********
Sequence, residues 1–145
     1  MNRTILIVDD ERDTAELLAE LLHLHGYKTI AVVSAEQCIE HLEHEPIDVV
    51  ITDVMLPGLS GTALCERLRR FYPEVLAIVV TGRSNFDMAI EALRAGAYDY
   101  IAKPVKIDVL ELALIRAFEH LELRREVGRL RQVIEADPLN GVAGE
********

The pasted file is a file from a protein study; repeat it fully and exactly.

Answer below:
Sequence, residues 1–145
     1  MNRTILIVDD ERDTAELLAE LLHLHGYKTI AVVSAEQCIE HLEHEPIDVV
    51  ITDVMLPGLS GTALCERLRR FYPEVLAIVV TGRSNFDMAI EALRAGAYDY
   101  IAKPVKIDVL ELALIRAFEH LELRREVGRL RQVIEADPLN GVAGE